The spike in drug poisoning deaths continues in Guelph – where there have been at least a dozen so far this year – as it does elsewhere across the province.
“We’re talking about preventable deaths,” said Adrienne Crowder, manager of the Wellington Guelph Drug Strategy with Guelph Community Health Centre. “We really do need to keep advocating for a better response. Addiction needs to be treated as a health issue, bottom line.”
In a recently released report, the Office of the Chief Coroner notes there were 646 opioid-related deaths in the province during the first three months of the year. While the terminology is different – drug poisonings vs. opioid-related deaths – Crowder believes they’re essentially interchangeable.
“The big issue is the toxicity of the drug supply,” she said, noting substances are often mixed and come with less predictable potency levels on the illicit market. “It’s a buyer beware market because people don’t know what is in the product.”
Crowder is “very confident” there have been at least 12 deaths in Guelph so far in 2022 as a result of drug poisoning, but said that number will likely rise when tallied at the end of the year because it doesn’t include people who died at home or “various other things.”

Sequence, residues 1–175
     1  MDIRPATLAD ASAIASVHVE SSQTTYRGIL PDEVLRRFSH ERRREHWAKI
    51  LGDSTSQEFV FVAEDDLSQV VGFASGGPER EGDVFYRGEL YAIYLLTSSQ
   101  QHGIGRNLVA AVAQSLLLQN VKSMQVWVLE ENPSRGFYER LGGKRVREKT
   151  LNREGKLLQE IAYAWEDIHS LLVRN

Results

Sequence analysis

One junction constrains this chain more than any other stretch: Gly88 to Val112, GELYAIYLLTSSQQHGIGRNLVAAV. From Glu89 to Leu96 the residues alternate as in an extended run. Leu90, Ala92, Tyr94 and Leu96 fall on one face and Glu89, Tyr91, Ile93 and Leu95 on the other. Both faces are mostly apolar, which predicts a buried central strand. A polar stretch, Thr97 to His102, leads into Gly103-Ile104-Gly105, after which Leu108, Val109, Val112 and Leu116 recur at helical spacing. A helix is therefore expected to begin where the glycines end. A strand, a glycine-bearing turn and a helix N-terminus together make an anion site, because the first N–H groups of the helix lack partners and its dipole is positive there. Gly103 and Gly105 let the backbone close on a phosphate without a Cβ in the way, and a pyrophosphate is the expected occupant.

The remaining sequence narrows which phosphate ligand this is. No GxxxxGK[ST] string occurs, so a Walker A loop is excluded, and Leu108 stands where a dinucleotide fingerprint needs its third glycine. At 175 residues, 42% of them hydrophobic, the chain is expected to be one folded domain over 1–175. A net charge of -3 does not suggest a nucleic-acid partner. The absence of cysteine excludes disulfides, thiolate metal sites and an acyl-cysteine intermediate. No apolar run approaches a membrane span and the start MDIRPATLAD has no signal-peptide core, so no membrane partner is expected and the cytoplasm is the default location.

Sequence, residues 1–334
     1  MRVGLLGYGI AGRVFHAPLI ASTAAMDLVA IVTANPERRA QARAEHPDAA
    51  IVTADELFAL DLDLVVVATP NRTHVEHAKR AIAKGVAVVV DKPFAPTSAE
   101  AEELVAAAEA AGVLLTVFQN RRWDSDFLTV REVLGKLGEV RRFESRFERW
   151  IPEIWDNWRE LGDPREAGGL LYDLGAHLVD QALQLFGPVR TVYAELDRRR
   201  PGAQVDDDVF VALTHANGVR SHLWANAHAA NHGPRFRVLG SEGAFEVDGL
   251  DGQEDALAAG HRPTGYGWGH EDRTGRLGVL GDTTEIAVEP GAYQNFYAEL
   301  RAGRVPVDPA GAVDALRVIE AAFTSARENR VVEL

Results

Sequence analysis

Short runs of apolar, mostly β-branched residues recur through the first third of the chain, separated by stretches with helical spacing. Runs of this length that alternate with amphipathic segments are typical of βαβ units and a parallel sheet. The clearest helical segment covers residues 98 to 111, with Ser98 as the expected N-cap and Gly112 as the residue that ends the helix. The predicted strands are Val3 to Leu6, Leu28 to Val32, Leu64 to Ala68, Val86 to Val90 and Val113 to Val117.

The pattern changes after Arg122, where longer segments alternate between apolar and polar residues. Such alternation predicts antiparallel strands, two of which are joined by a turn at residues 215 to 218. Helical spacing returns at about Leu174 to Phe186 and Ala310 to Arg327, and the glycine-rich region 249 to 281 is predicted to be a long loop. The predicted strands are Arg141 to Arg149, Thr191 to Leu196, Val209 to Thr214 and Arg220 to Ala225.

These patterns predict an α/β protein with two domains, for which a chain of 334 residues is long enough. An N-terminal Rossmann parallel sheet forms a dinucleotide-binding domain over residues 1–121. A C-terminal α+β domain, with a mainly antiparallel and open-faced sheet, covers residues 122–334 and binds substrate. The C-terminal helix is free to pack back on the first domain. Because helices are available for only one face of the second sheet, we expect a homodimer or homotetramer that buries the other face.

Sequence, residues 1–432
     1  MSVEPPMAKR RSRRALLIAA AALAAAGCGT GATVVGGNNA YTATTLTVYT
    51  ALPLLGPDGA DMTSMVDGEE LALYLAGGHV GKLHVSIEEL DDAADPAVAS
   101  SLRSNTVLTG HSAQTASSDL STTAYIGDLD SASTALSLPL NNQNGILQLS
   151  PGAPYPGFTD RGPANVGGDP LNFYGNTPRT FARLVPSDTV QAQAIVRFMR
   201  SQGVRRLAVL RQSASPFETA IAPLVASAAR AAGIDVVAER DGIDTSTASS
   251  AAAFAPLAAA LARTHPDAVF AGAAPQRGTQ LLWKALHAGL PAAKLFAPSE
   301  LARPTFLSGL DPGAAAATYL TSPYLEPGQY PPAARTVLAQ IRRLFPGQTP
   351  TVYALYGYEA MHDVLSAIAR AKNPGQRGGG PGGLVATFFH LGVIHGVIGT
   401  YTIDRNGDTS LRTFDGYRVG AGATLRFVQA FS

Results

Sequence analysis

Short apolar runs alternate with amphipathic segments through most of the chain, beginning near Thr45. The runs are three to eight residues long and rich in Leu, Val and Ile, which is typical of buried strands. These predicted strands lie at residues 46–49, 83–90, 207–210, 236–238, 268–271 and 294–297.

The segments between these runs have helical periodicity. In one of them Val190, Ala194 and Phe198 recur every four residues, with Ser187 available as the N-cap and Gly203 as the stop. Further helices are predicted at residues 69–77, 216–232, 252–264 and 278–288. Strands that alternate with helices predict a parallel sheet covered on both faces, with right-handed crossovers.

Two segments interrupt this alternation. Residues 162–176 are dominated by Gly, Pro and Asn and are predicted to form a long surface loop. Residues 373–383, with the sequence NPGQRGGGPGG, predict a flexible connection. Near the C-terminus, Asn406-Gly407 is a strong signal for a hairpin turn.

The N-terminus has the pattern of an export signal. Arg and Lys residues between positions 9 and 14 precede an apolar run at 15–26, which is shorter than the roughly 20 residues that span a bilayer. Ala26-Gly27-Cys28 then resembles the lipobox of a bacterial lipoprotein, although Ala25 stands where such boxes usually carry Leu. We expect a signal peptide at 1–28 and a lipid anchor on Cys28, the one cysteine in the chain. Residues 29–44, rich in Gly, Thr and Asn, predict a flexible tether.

The coroner’s report states the fatality rate for the first three months of 2022 was 4.2 people per 100,000 across Ontario. In the Wellington-Dufferin-Guelph territory, that rate sat at about 3.2.
“It is great that we’re under the provincial average. What isn’t great is that we’re still losing community members to toxic drug supply,” said Crowder.
Guelph saw 21 fatal drug poisonings in 2021, down slightly from the 24 recorded in 2020 but triple the seven recorded in 2019.
Provincially, there were 2,883 in 2021, 2,459 in 2020 and 1,559 in 2019.
In addition to increased toxicity, Crowder believes the spike in fatalities is driven by hardships brought on by the pandemic, such as increased isolation and reduced service access.
“As a community, we do have a real range of services to support people,” she said, listing consumption and treatment sites, a safe supply program, and peer-based roles. “There has been a real ramping-up of services.”
The safe consumption site at Guelph Community Health Centre on Wyndham Street opened in 2019, followed by the start of the safe supply program, which provides prescription narcotics to approved recipients, in 2020.
“There are a lot of variables at play, but in all safe consumption and treatment sites and overdose prevention sites throughout the province, there has not been one fatality,” said Crowder. “That, I think, speaks a lot to the importance of having services available in a timely and effective way.”